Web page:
In contrast to the small cage trial, the females in the large experimental arena did have a higher total egg output, and they also found a host more often, when they had more than one host plant species in the cage (Figure 3). Assuming that a female's spatial memory does not allow her to relocate a previously found host, the total number of eggs laid during the trial should be a good measure of search success. Under this assumption, there was a significantly higher number of eggs laid in the two-host treatment (Wilcoxon matched-pairs signed ranks test, N = 27, z = 2.019, p = 0.044). In 21 of 27 comparisons the females laid more eggs then when they had two instead of one host plant in the cage. If instead it is assumed that females will be able to relocate a previously found host by remembering its position, the number of times where the female was able to find a host and oviposit at all during the trial can be measured. Under this assumption, the difference between treatments was even stronger. In 24 of 27 cases the females in the two-host treatment found and laid eggs on a host, compared with the one-host treatment where 11 out of 27 females found the host and laid eggs (Sign test, N = 27, p = 0.006).
Total egg output was higher in the small cages, an average of 63.8 eggs/day, than in the large cages, where they laid an average of 13.3 eggs/day (Two-sample Wilcoxon rank-sum (Mann-Whitney) test; N = 26,54; z = 6.73; p<0.0001).
A basic assumption of the experiments in this study was that a female's willingness to accept a plant for oviposition should not be affected by conspecific eggs already on the plant. When this assumption was tested, no difference was found in willingness to oviposit on plants with and without eggs. This was not surprising, as females of P. c-album typically lay their eggs singly, occur in relatively low densities, and use hosts that are either large (most hosts are trees or shrubs) or often grow in large stands (such as U. dioica). Hence, in the field a female is not likely to encounter many plants with eggs already present and there should not be any selection for avoiding eggs during oviposition.
The main experiments were divided into a laboratory trial in small oviposition cages and an outdoor trial in large experimental arenas that required the female to search for host plants under more challenging conditions. Following predictions, females in the small cage trial did not show an increased egg output in the two-host treatment compared with the one-host treatment (Fig. 2). As the search phase was reduced in these trials, the deposition of eggs was mainly a result of decisions to land on a plant and to accept it for oviposition following landing. Consequently, they were probably able to reach their physiological limit of egg output in both small-cage treatments. If the total number of eggs laid remained constant in these treatments, and the females used both hosts for oviposition, a logical consequence is that they must have laid fewer eggs on the favored host when a less favored host was also present in the cage. This is actually a bit puzzling, as it would seem to make more sense to always use the best available host for oviposition. As eggs already on the plant do not affect oviposition decisions, why are females consistently laying eggs on lower-quality plants when a better plant is present? Clearly, the situation in these cages does not adequately reflect the natural situation of an ovipositing female, and the most fundamental aspect that is missing is that she does not have to search for plants. If finding plants is difficult, it would make sense to accept lower-ranked plants to some degree, upon encounter. We have previously suggested that accepting a plant for oviposition is probably not an all-or-none response, but rather that plants have associated probabilities of acceptance, that is dependent on preference rank (Janz et al. 2005). Hence, an adaptive response to encountering a lower-quality host would be to accept it for oviposition, albeit with a lower probability of acceptance, which would lead to a pattern of egg deposition similar to what was found in the small-cage experiment.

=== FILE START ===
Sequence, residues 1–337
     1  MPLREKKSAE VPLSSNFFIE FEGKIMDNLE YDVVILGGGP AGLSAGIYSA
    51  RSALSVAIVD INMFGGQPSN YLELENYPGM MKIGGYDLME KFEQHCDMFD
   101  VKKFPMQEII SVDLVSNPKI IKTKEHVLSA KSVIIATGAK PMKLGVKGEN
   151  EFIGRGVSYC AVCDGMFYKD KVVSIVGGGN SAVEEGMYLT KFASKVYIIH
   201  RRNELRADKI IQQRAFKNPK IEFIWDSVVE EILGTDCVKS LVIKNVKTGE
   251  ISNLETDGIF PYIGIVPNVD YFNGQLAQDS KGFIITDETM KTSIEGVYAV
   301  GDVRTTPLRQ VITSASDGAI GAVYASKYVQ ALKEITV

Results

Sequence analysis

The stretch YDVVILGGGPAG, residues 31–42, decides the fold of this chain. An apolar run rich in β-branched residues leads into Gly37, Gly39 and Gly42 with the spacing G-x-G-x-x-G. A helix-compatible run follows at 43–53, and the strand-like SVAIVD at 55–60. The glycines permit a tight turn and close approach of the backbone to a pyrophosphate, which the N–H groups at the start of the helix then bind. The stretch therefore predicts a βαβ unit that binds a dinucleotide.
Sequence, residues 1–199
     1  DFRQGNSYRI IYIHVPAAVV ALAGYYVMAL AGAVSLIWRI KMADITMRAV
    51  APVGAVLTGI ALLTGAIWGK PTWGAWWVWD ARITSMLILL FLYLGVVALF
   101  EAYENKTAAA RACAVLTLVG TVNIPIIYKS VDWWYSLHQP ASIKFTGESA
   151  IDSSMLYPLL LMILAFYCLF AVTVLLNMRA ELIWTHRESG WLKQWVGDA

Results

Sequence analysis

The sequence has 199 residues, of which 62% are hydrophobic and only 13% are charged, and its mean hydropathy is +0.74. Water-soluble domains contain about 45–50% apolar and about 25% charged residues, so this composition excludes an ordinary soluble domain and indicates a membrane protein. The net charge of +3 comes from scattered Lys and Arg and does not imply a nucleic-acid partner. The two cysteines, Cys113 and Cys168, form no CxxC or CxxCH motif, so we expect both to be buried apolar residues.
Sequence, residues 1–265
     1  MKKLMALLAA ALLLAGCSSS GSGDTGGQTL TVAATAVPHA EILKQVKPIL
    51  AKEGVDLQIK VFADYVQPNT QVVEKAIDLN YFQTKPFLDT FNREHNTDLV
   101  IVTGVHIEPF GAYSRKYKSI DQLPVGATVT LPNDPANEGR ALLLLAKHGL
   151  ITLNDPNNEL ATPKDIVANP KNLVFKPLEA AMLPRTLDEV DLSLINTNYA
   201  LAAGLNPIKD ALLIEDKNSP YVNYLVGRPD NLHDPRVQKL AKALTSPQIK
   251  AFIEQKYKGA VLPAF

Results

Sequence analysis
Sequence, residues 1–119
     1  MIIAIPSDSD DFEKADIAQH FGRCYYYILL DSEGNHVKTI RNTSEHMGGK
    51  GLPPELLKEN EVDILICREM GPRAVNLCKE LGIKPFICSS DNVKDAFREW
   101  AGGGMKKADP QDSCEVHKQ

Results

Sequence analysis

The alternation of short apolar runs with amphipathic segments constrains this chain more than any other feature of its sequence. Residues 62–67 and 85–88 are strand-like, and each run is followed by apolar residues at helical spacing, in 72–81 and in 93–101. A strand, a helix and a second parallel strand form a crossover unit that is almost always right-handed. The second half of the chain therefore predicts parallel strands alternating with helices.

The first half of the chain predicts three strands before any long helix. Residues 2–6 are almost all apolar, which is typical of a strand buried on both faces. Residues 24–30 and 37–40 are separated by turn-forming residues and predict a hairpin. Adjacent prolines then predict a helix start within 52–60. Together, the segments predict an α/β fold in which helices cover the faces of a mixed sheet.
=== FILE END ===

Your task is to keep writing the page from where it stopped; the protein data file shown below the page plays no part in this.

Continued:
In the more complex outdoor experimental arena, where females did have to search for plants to oviposit on, the result was different. In this experiment, total egg output was significantly lower than in the small cages, indicating that they did not reach their physiological limit of daily egg output. Here, adding a lower-ranked plant to the arena resulted in an increased egg deposition, and a higher likelihood of succeeding in finding a plant to oviposit on during the time of the trial (Figure 3). Hence, there was a positive effect on oviposition whether it was assumed that a female can or cannot remember the position of a found host plant in the experimental arena. If finding a preferred host is difficult, adding an extra host species means more targets for oviposition and consequently an increased likelihood of finding acceptable hosts. It appears that this could potentially favor the inclusion of an additional host species into the repertoire. However, the net effect will depend on a range of ecological, as well as life-history factors, such as search efficiency, time available for oviposition, relative abundance of the plants involved and their different effects on larval performance. Inclusion of an additional host will be favorable when the most acceptable host is rare, when finding a host is difficult, and when the increased output of eggs outweighs the loss in fitness caused by laying eggs on a sub-optimal host.
As mentioned in the Introduction, it has turned out to be difficult to understand the mechanisms behind host expansions. We provide here a demonstration of one of the most basic potential advantages: the higher resource availability that comes with adding another host to the repertoire (Bernays and Minkenberg 1997). The puzzle of host expansions largely remains, however, and it is clear that much work will be needed to fully understand the mechanisms behind them. Again, we would like to stress the importance of understanding these processes better, as they have been suggested to play a key role in the diversification of plant-feeding insects (Janz et al. 2001; 2006; Weingartner et al. 2006).
This work was supported by a grant from the Swedish Research Council to NJ. We wish to thank two anonymous reviewers for constructive comments on the manuscript.